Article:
El Niño years increase the likelihood of above-average precipitation in the Americas and below-average precipitation in Australia and South Africa.
After an incredibly unusual three years of the climatic phenomenon known as La Niña, meteorologists predict that there is about an 80 percent chance of El Niño developing by September or October.
The two phases of El Niño-Southern Oscillation (ENSO) profoundly impact the global climate, including the world’s most productive olive-growing regions outside the Mediterranean.
El Niño boosts the odds of having new records in global mean temperature. It doesn’t mean that it’s a foregone conclusion, but certainly the last big El Niño did help boost global mean temperatures, and we saw records.
The shift from La Niña to El Niño increases the probability of higher-than-average rainfall in California, Chile, southern Brazil and Uruguay while increasing the probability of drought in Australia and South Africa.
The development of El Niño does not directly impact the Mediterranean basin, which is responsible for 96 percent of global olive oil production but is associated with higher-than-average global temperatures.See Also:Drought Expected to Hit Europe Again, Scientists Warn
Michelle L’Heureux, an ENSO specialist at the National Oceanic and Atmospheric Administration (NOAA), told Olive Oil Times that the amount of heat stored within the tropical Pacific Ocean has increased in recent months, one of the necessary conditions for the development of El Niño.
“El Niño, to the first order, is a warming of the tropical Pacific Ocean at the surface,” she said. “When it starts warming in the east-central Pacific, that can also start changing the pattern of winds and the pattern of tropical rainfall. When that all happens, then we have El Niño.”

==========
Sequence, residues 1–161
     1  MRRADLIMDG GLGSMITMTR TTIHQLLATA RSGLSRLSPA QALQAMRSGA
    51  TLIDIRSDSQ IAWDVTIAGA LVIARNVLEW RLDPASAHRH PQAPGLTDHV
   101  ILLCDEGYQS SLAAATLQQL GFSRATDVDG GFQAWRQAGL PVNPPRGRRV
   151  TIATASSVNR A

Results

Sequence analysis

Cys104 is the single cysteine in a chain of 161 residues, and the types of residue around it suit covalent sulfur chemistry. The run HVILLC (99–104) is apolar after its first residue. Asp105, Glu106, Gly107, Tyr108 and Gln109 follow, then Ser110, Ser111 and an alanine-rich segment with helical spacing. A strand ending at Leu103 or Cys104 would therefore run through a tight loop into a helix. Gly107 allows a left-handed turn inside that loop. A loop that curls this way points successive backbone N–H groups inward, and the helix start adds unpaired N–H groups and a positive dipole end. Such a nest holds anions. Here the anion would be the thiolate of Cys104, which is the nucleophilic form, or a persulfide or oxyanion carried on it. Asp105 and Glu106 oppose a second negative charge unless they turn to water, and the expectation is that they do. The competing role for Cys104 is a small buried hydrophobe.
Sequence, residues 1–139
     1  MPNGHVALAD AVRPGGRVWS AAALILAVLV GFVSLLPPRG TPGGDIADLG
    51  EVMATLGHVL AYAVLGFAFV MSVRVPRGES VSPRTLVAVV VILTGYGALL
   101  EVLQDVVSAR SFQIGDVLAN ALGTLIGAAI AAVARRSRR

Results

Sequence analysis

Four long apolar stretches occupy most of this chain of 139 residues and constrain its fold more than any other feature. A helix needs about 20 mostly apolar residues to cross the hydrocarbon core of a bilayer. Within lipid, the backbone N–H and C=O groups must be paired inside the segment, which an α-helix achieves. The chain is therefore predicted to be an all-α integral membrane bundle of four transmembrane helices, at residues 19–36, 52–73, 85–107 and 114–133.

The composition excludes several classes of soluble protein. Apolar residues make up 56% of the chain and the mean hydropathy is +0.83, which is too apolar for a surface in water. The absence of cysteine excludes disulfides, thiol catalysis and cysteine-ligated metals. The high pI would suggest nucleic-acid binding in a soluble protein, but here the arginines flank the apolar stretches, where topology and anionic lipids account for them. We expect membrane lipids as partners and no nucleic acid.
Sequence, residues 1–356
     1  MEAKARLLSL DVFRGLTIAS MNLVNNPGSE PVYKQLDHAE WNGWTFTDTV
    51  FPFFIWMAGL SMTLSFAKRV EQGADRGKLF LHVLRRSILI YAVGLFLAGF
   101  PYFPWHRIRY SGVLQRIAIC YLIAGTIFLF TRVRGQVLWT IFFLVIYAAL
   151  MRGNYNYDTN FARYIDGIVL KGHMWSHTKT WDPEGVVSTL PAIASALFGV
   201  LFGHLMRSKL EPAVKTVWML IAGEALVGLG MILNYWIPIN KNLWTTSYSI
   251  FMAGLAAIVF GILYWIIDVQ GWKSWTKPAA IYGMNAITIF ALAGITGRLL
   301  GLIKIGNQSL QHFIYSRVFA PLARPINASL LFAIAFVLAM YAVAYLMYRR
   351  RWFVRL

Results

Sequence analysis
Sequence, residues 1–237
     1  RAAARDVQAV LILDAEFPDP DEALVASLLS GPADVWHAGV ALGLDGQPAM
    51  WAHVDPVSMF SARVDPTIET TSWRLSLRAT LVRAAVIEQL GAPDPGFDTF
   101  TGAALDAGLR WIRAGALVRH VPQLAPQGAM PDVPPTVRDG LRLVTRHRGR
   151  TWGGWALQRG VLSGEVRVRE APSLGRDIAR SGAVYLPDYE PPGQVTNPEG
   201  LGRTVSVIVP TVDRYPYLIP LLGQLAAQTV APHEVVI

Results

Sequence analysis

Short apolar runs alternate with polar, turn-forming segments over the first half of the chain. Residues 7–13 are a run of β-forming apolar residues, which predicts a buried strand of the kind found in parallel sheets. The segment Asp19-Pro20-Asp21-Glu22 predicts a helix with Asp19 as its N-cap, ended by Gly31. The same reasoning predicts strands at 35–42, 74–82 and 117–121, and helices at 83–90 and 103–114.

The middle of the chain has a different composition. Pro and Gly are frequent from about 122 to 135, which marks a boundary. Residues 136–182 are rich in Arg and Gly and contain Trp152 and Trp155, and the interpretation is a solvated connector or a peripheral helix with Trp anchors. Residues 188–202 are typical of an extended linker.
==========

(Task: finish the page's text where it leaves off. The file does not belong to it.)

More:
The build-up of heat in the east-central Pacific creates a phenomenon known as a Kelvin wave, where the built-up heat shifts from west to east along the equator, warming the eastern Pacific.
Another indicator that El Niño will likely evolve ahead of the olive harvest in the Northern Hemisphere is the development of westerly wind anomalies responsible for changing precipitation patterns throughout the Pacific Ocean.
“Typically in the equatorial Pacific, the winds blow from east to west, and with El Niño, the winds reverse,” L’Heureux said. “When the westerly winds start, they help push more warm water to the east, we get more ocean Kelvin waves and plant the seeds of El Niño.”
While it is difficult to attribute any single climatic event to ENSO, El Niño years tend to be hotter than the global average.